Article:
All you need to know about traffic signals, and then some!
If all you know about traffic signals is that they are red, yellow and green, you've got a lot to learn! Here are a few pointers to make your trip through town a little faster.

For many years now, the traffic signals on major roads have been 'traffic actuated'. This means that there are sensors of one type or another that can tell if vehicles are approaching, or waiting at an intersection. These sensors notify the traffic signal controller, which is really a little computer. The controller then adjusts the signal timing according to traffic conditions. Most newer signals have this capability, even if they're not on a busy highway.

A basic understanding of how this all works can help you get a green light faster, or even make an already green light wait for you to get through it.

First of all, I'll give a quick description of the two most popular types of sensors. Look for them the next time you're out on the road.

The most common sensor is the 'loop detector'. This consists of a groove cut into the pavement, usually a fairly large rectanglular shape. Several wraps of copper wire are placed in the groove to form a large coil, or 'loop'. The groove is then filled in with asphalt or tar. They are easy to spot, especially in left turn lanes. The loop is connected to the traffic signal control box, and basically acts as a huge metal detector. A vehicle passing above the loop disturbs it's magnetic field, putting in a 'call' to the signal controller.

The latest detectors use television cameras. The cameras are mounted high up on the traffic light poles, usually aimed into oncoming traffic. They look similar to outdoor security cameras. The pictures from the camera go into the traffic signal control box, where a computer uses 'pattern recognition' or 'motion detection' software to determine if a vehicle is present. One camera can provide several seperate 'calls' to the signal controller, based on what lane(s) vehicles are in.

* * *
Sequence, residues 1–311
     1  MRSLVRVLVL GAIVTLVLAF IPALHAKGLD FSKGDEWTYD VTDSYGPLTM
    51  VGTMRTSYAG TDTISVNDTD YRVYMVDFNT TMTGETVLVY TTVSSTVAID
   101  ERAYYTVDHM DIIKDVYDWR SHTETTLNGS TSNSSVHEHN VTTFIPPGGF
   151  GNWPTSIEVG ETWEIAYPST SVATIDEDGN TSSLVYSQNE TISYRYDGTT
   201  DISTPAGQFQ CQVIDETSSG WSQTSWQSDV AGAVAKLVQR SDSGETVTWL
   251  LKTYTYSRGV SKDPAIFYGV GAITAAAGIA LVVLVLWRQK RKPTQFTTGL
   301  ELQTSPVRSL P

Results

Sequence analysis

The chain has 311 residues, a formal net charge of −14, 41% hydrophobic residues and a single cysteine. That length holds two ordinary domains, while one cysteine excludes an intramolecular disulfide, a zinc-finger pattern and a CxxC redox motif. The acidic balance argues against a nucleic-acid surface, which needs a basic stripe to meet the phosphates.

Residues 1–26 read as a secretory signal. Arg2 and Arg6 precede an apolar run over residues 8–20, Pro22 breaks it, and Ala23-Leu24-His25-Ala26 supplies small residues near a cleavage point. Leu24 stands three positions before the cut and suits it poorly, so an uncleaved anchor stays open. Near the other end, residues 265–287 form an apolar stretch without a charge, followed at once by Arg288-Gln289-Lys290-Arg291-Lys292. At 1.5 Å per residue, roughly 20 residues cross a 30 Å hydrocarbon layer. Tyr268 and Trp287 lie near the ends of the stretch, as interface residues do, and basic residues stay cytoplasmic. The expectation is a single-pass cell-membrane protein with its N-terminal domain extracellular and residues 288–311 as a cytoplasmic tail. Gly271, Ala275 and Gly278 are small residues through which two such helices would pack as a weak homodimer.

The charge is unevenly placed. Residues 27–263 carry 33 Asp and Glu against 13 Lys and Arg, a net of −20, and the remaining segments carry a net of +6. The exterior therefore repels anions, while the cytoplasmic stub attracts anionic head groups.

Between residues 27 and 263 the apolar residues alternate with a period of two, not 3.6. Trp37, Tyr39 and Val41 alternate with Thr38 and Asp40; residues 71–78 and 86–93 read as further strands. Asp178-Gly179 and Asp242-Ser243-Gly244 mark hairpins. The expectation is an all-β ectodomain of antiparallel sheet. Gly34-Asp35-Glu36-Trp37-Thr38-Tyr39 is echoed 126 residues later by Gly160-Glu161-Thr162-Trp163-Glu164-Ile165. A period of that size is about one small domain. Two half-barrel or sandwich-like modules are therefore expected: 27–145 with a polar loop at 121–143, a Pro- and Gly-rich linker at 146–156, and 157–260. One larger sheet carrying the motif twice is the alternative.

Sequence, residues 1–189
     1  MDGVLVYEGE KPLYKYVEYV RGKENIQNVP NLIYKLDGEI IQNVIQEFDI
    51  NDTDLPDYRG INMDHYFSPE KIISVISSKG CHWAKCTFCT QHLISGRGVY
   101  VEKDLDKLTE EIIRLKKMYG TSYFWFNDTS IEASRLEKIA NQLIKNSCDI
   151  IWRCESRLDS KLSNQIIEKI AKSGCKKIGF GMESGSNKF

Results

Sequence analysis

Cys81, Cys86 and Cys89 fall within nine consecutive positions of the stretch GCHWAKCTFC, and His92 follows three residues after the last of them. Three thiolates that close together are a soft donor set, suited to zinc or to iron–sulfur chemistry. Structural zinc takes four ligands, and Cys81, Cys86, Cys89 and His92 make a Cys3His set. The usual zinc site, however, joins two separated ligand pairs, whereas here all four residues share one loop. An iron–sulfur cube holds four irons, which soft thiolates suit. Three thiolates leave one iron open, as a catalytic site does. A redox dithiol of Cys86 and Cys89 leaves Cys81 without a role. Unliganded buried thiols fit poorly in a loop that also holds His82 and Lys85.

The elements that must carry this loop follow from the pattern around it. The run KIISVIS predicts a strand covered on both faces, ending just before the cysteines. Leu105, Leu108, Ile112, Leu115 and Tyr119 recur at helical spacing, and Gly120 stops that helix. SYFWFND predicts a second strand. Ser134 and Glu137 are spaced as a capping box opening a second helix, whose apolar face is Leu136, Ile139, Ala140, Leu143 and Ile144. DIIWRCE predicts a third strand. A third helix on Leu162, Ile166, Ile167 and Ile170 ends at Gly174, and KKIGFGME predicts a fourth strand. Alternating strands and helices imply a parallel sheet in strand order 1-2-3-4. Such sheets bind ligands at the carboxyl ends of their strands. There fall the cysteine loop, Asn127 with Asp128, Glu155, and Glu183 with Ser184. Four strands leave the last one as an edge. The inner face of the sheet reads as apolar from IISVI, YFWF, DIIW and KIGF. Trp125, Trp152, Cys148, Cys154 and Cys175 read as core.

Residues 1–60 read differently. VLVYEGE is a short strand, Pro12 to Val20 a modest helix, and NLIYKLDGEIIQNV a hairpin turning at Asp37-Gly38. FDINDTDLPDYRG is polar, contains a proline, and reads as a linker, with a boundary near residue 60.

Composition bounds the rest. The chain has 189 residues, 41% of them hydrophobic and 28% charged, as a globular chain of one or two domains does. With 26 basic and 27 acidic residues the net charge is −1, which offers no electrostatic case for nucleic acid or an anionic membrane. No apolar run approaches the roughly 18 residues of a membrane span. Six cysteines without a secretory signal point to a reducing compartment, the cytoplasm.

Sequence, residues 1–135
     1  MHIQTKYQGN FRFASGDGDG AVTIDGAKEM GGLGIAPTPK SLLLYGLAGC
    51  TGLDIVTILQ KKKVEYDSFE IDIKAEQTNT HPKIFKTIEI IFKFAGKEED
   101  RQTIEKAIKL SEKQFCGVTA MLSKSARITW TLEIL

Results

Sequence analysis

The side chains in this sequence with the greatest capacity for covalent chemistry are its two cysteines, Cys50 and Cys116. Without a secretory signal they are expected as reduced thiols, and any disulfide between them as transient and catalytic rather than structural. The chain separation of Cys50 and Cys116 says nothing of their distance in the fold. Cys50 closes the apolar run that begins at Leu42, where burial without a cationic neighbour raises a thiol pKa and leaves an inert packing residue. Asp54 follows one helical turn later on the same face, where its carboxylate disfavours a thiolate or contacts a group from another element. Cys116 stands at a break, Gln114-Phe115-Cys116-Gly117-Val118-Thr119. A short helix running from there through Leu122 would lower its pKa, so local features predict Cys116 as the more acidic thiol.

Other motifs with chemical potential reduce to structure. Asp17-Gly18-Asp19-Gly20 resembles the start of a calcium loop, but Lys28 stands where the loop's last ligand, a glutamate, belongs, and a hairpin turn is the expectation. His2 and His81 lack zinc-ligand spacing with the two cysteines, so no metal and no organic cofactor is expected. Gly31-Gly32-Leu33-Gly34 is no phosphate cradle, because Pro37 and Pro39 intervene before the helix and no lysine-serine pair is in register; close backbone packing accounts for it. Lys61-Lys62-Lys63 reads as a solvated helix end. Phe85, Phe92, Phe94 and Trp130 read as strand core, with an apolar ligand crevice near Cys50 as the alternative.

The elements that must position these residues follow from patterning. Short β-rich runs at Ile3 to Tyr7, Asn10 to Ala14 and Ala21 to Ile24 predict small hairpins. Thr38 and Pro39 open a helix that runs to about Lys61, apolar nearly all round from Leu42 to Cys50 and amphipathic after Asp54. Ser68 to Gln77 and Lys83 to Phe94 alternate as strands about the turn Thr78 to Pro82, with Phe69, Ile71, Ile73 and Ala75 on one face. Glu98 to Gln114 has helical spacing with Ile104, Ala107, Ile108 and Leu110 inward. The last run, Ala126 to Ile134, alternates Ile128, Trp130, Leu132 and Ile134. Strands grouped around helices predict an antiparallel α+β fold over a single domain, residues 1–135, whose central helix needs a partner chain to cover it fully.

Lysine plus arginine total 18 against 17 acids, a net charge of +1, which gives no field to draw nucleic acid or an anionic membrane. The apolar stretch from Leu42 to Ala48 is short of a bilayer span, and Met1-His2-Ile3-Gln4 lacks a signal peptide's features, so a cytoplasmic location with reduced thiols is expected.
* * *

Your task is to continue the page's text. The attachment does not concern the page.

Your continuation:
My most important point, especially for the 'loop detector' system, is to be sure to stop your car in the right place! The front bumper of your car should be about even with the white 'stop line' on the road, or the signal posts if there is no stop line. If you stop 20 feet back from the line, AS I SEE A LOT OF PEOPLE DO, chances are the signal will skip your turn! Same thing if you stop past the line. Some intersections with frontage roads have a sign that says "do not block intersection", and another stop line before the frontage road, but no sensor by that stop line. You could sit there all day at a red light!
At least one car has to be at the main stop line to trigger the signal.

Many signals are programmed to give a continuous green light to the busier of the two roads, unless a car approaches on the side road. If for any reason the sensor does not know that you drove up to the red light on the side road, YOU WILL NEVER GET A GREEN LIGHT! This could be for the reasons mentioned above, or it could be that the sensor is malfunctioning, which happens quite often (big problem for motorcycles). Sometimes, backing up a ways, then driving up again will trigger the light. But watch out if you get frustrated and go through the light, because you'll probably get a nasty ticket! (Been there, done that, argued with the cop, and wound up in jail!) (More on that in
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Most of these systems also have an additional sensor located a couple hundred feet back from the intersection. This serves to 'extend' the green light, usually about 7 seconds, to allow traffic that is already flowing to make it through the light without having to slam on the brakes. If you 'step on the gas' and make it to that sensor, you can ease off a little and still make the light! Of course there is a limit to how long the light can be extended. If other traffic is waiting, the light will eventually 'max out'.

You may have noticed that the left-turn arrow comes on only if there are cars in the left-turn lane. If you're going to use that lane, and it's empty, try to get there before the green light for the cross traffic turns yellow, and you should be next in line! Also, most left-turn lanes 'gap out' in only a couple seconds, so don't leave a big space between your car, and the one ahead of you, or the arrow will go yellow on you!

If you're approaching a red light and there is more than one straight-ahead lane, don't use the right-most lane to go straight. The sensor for the right lane often has about a 10 second delay programmed into it, in case you plan on making a right turn on the red light. But the inner lanes will put in a call for a green light immediately. Plus, you won't screw up the lane for someone else to make a right turn on the red light.

I'm running out of space here, but a lot more on this subject is on the way!!

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